Co-authors: Juliette Becker and Monica He

This is a write up of question 1 of the Hydrostatic Equilibrium and the Virial Theorem worksheet.

- (a) We're looking for the total potential energy contained in the sun. We know that potential energy is expressed by U = - GMm/r. More specifically, in this case where M_shell is the mass and M_int is the mass of the sphere inside that shell. We also have and .The change in potential energy, dU: therefore, after combining the terms we have that . Keeping in mind that we can simplify the expression to

- (b) Potential energy is related to force in the following expression: By doing dimensional analysis, we know that U has units of cm^3g^-1s^2 and dr/dt has units of cm/s. Therefore the velocity of a free-falling element would have the following relation to potential energy:

- (c) We can replace dr/dt in the equation above with . We're assuming that the free-fall velocity will be roughly constant. Therefore, if we define tau to be the time it takes a particle to fall from the surface of the star to the center and R_solar as the radius of the Sun, then we can make this substitution to an order of magnitude.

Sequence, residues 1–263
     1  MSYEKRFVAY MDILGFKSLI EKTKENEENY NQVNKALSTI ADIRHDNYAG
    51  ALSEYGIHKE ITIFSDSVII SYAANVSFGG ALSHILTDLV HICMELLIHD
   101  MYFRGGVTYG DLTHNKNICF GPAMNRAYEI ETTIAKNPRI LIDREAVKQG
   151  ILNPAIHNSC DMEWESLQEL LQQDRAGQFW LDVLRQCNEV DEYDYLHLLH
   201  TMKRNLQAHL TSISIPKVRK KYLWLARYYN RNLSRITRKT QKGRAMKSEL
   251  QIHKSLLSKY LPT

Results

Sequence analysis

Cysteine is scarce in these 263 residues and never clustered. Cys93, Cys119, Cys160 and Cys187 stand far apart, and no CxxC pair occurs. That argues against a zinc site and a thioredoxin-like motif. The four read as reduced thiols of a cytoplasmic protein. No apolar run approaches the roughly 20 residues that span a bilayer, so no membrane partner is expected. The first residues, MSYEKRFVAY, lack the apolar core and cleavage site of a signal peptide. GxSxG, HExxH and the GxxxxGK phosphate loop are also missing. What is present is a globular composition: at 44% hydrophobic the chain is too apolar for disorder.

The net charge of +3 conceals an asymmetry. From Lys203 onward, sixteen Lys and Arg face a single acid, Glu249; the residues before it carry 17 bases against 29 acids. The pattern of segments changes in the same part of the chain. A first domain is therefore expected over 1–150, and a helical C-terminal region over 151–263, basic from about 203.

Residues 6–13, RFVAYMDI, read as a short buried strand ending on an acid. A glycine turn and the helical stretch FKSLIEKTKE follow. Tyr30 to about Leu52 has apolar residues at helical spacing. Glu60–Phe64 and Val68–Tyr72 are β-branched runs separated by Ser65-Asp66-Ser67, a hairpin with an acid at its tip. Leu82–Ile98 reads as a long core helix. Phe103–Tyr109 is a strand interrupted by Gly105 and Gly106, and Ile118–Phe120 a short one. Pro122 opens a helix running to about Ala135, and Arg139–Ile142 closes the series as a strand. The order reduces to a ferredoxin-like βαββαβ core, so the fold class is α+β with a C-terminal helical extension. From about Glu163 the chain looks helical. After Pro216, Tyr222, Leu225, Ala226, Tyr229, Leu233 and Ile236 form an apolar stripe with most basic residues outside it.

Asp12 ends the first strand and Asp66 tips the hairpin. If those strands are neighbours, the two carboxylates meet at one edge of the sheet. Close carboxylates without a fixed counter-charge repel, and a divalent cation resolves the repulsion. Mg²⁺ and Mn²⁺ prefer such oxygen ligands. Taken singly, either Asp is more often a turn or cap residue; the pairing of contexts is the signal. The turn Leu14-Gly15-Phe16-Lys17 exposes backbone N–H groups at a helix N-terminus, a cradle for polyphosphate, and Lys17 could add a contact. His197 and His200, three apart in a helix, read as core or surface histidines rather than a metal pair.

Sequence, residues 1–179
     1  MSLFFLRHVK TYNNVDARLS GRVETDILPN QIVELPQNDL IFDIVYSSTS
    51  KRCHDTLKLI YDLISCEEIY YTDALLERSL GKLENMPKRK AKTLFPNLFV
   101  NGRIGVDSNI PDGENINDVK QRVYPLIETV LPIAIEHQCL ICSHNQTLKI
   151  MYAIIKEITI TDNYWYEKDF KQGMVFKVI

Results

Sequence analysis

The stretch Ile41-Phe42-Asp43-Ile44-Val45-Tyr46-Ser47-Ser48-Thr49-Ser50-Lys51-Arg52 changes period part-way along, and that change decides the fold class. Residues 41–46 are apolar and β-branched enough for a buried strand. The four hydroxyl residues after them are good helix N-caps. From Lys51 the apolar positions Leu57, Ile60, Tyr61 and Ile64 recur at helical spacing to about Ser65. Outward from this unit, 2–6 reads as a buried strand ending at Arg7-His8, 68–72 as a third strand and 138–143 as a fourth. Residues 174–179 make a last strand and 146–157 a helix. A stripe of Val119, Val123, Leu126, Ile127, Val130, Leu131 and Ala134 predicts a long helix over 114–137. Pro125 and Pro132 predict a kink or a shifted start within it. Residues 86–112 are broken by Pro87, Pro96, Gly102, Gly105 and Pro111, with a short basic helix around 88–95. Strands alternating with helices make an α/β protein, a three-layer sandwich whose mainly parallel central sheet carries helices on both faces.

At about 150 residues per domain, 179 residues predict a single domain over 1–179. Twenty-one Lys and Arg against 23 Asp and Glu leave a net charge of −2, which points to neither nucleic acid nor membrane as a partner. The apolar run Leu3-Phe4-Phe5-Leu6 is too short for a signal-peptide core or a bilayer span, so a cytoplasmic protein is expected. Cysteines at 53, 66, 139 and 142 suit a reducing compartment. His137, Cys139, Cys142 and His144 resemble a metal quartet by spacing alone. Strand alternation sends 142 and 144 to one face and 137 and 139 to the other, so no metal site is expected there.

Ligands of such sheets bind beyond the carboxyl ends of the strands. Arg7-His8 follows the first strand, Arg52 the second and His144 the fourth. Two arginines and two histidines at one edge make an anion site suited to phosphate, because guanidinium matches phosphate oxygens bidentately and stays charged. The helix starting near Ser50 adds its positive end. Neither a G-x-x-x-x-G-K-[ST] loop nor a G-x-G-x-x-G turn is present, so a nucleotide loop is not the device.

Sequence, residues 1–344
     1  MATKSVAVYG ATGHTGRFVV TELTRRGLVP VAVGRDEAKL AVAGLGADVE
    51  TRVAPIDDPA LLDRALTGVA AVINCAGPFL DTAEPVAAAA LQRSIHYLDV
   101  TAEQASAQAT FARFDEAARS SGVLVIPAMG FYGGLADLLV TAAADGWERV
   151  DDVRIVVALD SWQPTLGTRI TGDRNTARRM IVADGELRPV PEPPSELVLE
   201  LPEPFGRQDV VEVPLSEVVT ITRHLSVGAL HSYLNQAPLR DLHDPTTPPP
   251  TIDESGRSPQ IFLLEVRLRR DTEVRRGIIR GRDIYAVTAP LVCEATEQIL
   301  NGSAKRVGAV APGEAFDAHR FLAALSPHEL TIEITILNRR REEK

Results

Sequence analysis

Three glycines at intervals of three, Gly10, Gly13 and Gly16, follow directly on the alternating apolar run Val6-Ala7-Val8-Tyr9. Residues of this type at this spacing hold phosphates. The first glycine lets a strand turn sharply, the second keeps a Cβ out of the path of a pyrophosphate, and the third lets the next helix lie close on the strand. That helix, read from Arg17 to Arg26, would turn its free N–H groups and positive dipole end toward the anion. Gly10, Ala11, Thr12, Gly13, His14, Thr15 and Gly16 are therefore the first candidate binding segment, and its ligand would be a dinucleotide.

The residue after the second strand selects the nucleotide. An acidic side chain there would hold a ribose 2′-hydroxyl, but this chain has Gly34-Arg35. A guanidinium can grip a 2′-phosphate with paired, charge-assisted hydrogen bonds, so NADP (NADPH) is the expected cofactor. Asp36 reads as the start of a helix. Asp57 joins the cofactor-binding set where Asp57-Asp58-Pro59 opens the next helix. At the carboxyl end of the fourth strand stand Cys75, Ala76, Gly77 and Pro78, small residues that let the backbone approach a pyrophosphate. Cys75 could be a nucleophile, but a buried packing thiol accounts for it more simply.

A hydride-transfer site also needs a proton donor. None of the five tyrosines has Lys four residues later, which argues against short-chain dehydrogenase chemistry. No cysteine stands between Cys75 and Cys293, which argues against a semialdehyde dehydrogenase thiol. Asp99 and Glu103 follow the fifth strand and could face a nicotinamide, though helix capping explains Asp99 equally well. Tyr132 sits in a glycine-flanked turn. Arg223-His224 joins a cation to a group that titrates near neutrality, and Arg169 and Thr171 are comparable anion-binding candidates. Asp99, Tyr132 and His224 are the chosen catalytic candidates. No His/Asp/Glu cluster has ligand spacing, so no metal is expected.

- (d) Plugging in our values into this expression we find that . This means that if the Sun were truly undergoing free fall collapse, it would collapse in 34 minutes, which is surely a time-scale that we would notice.

- (e)

(b): That was clever to use dimensional analysis! Another way of looking at it: if a particle starts very very far away (R=infinity) and falls to R_sun, what will its kinetic energy and hence its velocity be?

ReplyDelete(c): A particle in free-fall will definitely be accelerating. If our test particle is accelerating, what effect does that have on your estimate of the timescale for free-fall? How does it affect your argument that we would notice if the sun were in free-fall?

(e) Awwwww!